It occurs to me that the source of many of our spiritual problems is a lack of contentment with God’s provision. Think about it. What causes marital infidelity? Is it not a lack of contentment with the spouse God gave you, 1Corinthians 7:1-5? What causes greed? Is it not a lack of contentment with God’s provision of sustaining material things, Matthew 6:25-33? What causes most conflicts between us? Isn’t it that we are not content with what we are getting from the other person- whether it’s respect, tolerance, understanding, forgiveness, assistance, etc.? But if, in true contentment, we could obey Philippians 2:2-3, “Do nothing from selfishness or empty conceit, but with humility of mind let each of you regard one another as more important than himself; do not merely look out for your own personal interests, but also for the interests of others,” wouldn’t most of these conflicts disappear?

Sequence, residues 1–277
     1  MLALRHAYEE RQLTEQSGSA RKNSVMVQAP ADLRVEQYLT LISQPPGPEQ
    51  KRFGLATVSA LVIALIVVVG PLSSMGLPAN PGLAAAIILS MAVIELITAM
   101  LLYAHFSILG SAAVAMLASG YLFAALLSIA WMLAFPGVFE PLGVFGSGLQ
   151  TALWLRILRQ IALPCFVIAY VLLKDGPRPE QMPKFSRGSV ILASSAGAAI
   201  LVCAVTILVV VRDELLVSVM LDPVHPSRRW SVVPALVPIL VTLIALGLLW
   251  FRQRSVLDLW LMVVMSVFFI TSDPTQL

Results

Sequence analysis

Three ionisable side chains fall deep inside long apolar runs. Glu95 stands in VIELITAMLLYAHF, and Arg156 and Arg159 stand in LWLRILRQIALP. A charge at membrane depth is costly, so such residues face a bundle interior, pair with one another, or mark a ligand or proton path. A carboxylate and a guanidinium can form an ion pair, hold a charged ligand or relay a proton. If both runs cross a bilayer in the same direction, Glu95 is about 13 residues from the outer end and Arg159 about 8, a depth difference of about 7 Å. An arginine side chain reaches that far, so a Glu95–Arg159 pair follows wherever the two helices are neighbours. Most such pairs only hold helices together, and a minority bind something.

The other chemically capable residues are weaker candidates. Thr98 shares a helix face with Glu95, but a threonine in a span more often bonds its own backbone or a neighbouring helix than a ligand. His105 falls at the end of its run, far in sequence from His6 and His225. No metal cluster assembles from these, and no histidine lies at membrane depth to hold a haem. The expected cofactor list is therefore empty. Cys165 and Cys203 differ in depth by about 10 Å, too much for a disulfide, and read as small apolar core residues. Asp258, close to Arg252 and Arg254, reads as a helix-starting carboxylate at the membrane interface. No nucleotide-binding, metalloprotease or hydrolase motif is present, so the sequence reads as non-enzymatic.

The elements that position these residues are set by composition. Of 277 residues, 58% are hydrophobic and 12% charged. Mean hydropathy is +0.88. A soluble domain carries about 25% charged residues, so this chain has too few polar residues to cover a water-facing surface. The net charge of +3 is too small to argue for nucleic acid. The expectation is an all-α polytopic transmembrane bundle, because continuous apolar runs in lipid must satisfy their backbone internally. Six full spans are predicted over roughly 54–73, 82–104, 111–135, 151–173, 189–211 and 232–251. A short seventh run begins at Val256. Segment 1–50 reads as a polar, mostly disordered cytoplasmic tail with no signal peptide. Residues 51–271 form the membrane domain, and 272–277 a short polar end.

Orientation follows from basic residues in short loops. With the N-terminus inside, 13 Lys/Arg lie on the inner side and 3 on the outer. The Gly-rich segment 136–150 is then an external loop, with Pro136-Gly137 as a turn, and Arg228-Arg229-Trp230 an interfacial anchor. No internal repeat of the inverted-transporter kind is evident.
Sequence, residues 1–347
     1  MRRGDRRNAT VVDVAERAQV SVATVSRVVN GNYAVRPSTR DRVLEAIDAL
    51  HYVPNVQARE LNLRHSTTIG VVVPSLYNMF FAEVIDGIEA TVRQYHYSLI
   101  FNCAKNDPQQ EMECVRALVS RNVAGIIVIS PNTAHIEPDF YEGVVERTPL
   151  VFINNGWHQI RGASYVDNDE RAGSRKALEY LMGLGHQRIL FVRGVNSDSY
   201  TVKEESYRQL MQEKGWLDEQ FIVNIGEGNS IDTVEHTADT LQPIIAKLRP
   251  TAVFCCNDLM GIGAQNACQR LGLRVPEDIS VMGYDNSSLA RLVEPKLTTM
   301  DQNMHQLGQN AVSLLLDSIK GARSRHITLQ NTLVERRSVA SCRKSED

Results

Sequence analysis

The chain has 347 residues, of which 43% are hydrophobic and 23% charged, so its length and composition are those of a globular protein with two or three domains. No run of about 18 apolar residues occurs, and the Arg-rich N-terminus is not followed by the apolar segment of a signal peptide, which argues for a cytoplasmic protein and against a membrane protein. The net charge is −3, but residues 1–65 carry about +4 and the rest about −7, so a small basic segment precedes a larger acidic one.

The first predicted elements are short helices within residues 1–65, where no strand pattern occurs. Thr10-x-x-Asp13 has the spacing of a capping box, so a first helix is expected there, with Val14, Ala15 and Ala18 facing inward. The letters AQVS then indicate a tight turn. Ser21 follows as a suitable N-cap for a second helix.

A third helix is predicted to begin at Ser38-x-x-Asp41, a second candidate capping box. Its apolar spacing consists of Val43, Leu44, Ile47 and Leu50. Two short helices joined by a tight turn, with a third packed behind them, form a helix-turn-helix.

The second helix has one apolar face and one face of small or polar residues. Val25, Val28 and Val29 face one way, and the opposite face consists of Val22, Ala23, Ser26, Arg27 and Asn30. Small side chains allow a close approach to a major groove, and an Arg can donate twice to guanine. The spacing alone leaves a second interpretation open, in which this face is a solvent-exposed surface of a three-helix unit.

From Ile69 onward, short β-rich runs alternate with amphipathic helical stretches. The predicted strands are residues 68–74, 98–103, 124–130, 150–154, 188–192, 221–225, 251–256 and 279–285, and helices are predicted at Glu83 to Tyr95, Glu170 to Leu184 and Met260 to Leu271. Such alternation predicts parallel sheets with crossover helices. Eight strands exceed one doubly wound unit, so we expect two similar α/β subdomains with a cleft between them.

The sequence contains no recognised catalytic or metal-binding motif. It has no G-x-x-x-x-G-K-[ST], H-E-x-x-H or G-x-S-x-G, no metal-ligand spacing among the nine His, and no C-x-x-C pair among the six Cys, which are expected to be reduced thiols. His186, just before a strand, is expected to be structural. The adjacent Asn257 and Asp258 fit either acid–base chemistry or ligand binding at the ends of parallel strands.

What about “contentment” in religion? If we would just content ourselves with doing what God said, how God said to do it, wouldn’t that simplify things dramatically? If we were content with Christ’s plan to save through believing (John 8:24), repenting (Luke 13:3), confessing (Matthew 10:32), being baptized for the remission of sins (1Peter 3:21), and living faithfully to the best of our abilities (John 14:15), then unity could result. If we were content with God’s instructions for simple New Testament worship, which included praying (1Timothy 2:8), singing (1Corinthians 14:15), partaking of the Lord’s Supper (1Corinthians 11:23-34), preaching/studying the word (Acts 2:42), and giving of our means (1Corinthians 16:1-2), then we could do away with robe-clad choirs, orchestras, dramatic performances, fund-raisers for every kind of activity and function, and all the “special” groups which divide us. Then, we could be together, and simply worship God “in spirit and in truth.” How great is the gain when godliness is accompanied by simple contentment with what God has said, cf. 1Timothy 6:6 and 1Peter 4:11!